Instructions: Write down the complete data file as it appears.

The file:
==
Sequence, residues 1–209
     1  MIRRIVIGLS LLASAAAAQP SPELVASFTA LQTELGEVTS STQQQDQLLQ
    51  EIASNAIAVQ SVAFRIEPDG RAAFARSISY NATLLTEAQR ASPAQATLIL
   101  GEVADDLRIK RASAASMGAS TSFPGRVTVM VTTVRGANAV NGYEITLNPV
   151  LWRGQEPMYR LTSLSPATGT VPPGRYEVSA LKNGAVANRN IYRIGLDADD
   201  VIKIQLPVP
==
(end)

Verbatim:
Sequence, residues 1–209
     1  MIRRIVIGLS LLASAAAAQP SPELVASFTA LQTELGEVTS STQQQDQLLQ
    51  EIASNAIAVQ SVAFRIEPDG RAAFARSISY NATLLTEAQR ASPAQATLIL
   101  GEVADDLRIK RASAASMGAS TSFPGRVTVM VTTVRGANAV NGYEITLNPV
   151  LWRGQEPMYR LTSLSPATGT VPPGRYEVSA LKNGAVANRN IYRIGLDADD
   201  VIKIQLPVP